Our Facebook personas can veer from who we authentically are and the actual reality of our personal lives. On the positive side, Facebook connects people who have once shared an experience. You can become more involved in the lives of your long-distance cousin and her young family or easily stay in touch with an old friend. On the negative side, Facebook is a space where people want to display the best of themselves and their lives, which can arouse feelings of envy, loneliness and inadequacy within outsiders. As you nonchalantly scroll through your Facebook newsfeed, photos of your friend’s birthday party pop up. As you click through fun pictures of friends dancing at festive parties full of lavish birthday decorations, your heart sinks — because you weren’t invited.
TIME Magazine’s Heartland reports that scientists from two German universities concluded that after studying 600 Facebook users, “one in three felt worse after visiting the site — especially if they viewed vacation photos.” Researchers discovered that users who didn’t post their own content were also more likely to feel discontent. It seems to be like emotional self-sabotage when people have negative experiences by logging onto Facebook, yet continue to do so.
In addition to feelings of social exclusion, you may subconsciously make comparisons to yourself with other people as you are subjected to posts and photos. Drawing comparisons can cause insecurities and make you question yourself. Feelings of loneliness and self-pity can surface just by seeing a simple Facebook status that changes from “single” to “into a relationship.” Perhaps you read a status about an old friend getting a job promotion, and suddenly you’re comparing your professional worth to someone whom you probably haven’t talked to in years. Commonly, young people also internally respond to engagements, wedding photos and pregnancy announcements with negative feelings and virtual, societal pressure to move on to that next step in life. Just as unhealthily, Facebook serves as a tool for many to be passive aggressive and indirectly spiteful. To be on the receiving end of a message meant to hurtfully get your attention can feel like a dagger in the chest.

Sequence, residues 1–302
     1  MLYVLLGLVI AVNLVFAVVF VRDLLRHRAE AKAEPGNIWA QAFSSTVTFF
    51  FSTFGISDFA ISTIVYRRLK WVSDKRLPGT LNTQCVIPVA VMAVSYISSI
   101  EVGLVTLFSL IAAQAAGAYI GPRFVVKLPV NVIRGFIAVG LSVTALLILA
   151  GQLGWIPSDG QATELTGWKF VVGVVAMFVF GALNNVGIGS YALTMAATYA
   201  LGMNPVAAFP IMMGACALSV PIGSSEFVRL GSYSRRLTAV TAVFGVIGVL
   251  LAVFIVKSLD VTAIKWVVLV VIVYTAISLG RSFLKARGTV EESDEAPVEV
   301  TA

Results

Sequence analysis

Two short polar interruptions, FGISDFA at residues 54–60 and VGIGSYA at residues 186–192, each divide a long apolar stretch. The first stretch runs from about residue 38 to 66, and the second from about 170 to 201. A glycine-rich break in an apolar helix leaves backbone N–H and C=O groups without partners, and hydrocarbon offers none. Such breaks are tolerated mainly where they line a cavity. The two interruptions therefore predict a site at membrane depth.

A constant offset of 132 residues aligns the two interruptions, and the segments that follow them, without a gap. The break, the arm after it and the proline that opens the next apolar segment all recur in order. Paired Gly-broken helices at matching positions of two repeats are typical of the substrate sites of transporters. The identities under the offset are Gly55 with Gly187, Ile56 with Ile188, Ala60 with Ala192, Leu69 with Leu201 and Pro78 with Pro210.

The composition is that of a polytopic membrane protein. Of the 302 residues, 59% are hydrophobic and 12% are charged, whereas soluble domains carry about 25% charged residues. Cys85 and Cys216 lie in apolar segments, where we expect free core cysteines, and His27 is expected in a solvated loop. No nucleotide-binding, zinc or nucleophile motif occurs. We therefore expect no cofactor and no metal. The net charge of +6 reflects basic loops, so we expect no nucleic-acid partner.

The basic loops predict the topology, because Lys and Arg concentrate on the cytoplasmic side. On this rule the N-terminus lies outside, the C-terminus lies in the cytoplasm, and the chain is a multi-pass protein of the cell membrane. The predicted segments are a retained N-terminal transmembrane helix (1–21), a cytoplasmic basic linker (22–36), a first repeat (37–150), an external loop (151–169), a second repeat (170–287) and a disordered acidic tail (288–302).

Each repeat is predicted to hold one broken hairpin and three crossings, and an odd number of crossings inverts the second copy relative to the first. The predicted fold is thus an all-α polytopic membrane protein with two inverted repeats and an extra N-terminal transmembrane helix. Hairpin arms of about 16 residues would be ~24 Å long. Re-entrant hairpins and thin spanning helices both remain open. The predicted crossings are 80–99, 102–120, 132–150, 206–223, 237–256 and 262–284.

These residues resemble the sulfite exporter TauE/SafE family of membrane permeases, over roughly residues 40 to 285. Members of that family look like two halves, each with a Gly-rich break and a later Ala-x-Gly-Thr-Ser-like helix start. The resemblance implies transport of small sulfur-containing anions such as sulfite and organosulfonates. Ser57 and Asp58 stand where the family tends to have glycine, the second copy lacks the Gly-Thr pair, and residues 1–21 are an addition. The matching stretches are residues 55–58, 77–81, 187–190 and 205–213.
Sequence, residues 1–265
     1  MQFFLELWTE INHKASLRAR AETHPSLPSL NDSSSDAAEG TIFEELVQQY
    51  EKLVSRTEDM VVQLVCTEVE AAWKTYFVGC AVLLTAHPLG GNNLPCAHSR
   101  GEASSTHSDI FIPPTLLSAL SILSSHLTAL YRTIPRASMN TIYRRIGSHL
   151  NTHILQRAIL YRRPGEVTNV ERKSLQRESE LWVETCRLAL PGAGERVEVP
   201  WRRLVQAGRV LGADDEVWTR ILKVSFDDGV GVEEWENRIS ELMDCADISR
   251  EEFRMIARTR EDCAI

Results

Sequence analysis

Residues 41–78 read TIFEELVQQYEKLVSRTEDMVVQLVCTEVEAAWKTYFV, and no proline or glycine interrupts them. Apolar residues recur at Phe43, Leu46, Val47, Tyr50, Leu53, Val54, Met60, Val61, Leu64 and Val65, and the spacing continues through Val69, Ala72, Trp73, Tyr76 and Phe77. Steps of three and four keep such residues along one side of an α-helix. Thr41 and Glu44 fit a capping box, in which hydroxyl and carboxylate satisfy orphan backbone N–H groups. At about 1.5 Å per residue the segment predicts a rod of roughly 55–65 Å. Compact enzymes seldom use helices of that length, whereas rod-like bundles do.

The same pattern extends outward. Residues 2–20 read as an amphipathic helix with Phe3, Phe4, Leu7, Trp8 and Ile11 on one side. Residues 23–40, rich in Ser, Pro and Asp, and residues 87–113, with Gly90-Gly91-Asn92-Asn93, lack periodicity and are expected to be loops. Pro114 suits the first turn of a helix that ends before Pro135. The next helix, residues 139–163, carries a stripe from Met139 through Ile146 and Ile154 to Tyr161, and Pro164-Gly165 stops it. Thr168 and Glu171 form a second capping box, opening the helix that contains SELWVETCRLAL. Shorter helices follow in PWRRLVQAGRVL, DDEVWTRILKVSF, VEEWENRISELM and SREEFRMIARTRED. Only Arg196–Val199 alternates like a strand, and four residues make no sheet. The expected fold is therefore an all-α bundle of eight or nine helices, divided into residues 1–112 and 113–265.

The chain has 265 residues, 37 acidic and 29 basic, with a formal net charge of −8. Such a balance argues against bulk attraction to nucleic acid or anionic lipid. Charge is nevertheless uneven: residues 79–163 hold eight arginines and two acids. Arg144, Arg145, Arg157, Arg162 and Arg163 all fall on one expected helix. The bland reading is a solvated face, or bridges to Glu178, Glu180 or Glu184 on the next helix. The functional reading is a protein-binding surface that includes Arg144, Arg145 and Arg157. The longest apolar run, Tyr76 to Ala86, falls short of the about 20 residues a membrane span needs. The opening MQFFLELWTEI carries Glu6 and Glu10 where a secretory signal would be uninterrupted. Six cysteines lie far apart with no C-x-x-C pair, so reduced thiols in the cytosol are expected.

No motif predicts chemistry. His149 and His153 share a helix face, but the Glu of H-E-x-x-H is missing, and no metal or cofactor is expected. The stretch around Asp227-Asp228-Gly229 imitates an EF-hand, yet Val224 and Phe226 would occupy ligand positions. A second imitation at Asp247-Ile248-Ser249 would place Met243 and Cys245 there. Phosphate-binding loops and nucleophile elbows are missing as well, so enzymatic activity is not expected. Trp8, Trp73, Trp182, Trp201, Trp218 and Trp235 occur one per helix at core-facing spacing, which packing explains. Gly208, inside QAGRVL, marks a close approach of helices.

Facebook is Subjective
According to Reuters, Institute Information Systems at Berlin’s Humboldt University research expert, Hanna Krasnova, said based on observations on negative social networking experiences, “people will then leave Facebook or at least reduce their use of the site.”
People experience anger, resentment, stress and jealousy over all types of Facebook timeline activities such as:
- Vacation photos
- Number of birthday wishes
- Number of “likes” and comments on postings
- Family happiness
- Physical attractiveness
- Work accomplishments
If Facebook feels like a toxic digital environment that personally affects you, eliminate those negative feelings by taking control of your own behavior. Deactivate your account, visit the site less often or make an effort to not internalize specific types of content that creates unhealthy emotions. Users who use Facebook as a platform for self-promotion are most likely to share content on Facebook that will “portray themselves in a better light.” In that case, photos and posts can be like judging a book by its cover. Things aren’t always as they seem.